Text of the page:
Skip to content

Hong Kong Airlines CEO says struggling airline will get cash injection

Dec. 06, 2019
2 min read
A Hong Kong Airlines Airbus A350-900 landing at LAX
Hong Kong Airlines CEO says struggling airline will get cash injection
This post contains references to products from one or more of our advertisers. We may receive compensation when you click on links to those products. Terms apply to the offers listed on this page. For an explanation of our Advertising Policy, visit this page.
Sign up for our daily newsletter

Struggling Hong Kong Airlines may be getting a cash injection in "one or two days" as it battles for survival, according to reports.

In a December 5 interview, CEO Sun Jianfeng told the South China Morning Post, “We will try our best to get enough money,” he said. “But it’s very short notice to get a huge [amount] of money” by Saturday, which is the deadline. A spokesperson for the airline told the newspaper that it had a "secure cash injection plan in place."

The paper is also reporting that workers were being paid for missed wages. Last month, we reported that some Hong Kong Airlines employees weren't being paid and the South China Morning Post reported that the airline cut off its in-flight entertainment because it could not afford to pay the vendor.

Earlier this week, Hong Kong’s Air Transport Licensing Authority (ALTA) said the airline must receive a cash infusion and prove it can maintain a certain cash level by Dec. 7.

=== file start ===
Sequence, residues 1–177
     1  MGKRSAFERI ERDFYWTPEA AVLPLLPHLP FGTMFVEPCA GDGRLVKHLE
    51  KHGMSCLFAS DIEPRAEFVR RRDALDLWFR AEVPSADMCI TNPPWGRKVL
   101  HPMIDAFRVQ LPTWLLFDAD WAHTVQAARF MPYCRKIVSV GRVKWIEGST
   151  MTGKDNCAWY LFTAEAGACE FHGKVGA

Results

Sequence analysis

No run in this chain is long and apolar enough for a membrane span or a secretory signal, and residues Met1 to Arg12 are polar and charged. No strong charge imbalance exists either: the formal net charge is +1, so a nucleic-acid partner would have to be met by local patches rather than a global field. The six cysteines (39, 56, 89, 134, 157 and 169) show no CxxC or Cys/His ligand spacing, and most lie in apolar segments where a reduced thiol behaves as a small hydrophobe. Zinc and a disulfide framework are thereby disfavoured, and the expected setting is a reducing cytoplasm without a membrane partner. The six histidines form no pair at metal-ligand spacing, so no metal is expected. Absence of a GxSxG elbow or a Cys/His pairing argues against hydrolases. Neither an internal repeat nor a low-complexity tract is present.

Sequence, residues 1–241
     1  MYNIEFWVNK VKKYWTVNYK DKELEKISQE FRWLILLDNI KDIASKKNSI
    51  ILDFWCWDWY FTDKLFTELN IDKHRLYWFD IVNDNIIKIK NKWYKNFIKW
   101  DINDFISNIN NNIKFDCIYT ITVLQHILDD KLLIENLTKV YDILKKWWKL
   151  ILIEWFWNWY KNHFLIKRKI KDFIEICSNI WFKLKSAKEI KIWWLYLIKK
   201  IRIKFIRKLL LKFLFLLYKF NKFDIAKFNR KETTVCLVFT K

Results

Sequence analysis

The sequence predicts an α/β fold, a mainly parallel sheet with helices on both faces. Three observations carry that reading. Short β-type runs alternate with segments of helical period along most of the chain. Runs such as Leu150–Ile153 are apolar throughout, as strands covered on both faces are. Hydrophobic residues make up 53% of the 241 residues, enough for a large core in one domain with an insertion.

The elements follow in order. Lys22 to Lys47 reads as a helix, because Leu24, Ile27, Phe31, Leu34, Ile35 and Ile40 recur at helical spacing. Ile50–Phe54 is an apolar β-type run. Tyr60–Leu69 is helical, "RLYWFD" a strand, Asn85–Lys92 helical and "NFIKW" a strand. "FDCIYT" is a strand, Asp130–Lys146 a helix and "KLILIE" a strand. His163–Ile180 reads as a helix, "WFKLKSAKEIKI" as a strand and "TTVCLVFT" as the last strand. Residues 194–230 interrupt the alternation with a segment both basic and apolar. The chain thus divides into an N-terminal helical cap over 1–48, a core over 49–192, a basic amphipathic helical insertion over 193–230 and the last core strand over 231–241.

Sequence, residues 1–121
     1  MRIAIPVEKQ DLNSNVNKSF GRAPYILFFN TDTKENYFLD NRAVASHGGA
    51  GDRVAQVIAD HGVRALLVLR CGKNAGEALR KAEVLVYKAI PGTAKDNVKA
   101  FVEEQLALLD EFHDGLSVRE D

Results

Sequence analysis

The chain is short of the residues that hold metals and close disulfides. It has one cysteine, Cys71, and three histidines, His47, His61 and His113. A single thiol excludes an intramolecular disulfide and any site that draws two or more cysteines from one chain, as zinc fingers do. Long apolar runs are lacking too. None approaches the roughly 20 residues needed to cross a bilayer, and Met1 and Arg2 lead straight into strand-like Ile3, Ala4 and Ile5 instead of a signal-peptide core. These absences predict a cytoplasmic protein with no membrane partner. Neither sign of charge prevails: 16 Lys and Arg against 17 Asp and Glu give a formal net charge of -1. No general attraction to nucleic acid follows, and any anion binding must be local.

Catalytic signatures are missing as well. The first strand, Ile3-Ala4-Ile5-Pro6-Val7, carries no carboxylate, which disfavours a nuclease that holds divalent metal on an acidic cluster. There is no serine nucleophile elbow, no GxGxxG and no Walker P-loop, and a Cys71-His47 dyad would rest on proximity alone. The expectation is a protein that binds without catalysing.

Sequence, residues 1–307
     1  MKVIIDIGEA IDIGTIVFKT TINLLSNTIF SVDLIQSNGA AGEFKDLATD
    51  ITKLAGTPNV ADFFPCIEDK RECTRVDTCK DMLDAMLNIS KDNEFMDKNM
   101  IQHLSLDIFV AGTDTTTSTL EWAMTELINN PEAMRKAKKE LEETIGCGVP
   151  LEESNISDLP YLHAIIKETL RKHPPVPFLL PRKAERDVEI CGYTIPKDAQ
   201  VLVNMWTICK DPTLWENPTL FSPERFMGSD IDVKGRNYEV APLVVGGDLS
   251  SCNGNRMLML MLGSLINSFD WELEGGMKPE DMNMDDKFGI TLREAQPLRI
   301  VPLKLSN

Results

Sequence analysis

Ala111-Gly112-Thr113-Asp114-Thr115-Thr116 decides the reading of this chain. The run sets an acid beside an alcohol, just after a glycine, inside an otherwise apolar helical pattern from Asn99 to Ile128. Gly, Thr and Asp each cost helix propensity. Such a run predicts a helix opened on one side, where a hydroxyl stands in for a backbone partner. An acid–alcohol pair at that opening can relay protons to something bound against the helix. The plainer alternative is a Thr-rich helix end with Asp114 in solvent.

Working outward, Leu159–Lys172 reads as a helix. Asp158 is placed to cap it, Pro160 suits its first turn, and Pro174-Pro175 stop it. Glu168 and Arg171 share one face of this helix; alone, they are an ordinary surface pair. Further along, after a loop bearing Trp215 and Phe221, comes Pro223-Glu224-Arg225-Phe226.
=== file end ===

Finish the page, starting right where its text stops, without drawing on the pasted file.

“After careful consideration of the financial position of HKA [Hong Kong Airlines] at present, ATLA must take immediate and resolute action to prevent further deterioration of HKA’s situation in order to protect public interests,” a spokesman for the authority said in a statement.

As we've previously reported, Hong Kong Airlines has been struggling financially for some time now. Authorities in the city are threatening to suspend its operating license if the company doesn’t stabilize its books by the end of the week.

The deterioration of Hong Kong Airlines’ financial position was accelerated by ongoing anti-Chinese protests, which have reduced travel demand. After receiving an update on the company’s finances from its senior executives on Nov. 29, ALTA said that it was not confident that the airline could pay its employees’ salaries or continue to provide satisfactory service to its passengers.

If you're planning on flying Hong Kong Airlines in the coming days, you should consider precautions — especially for flights beyond Dec. 7. Before your trip, double-check what travel protections are offered by the credit card you used to book the trip and consider travel insurance.

Featured image by Alberto Riva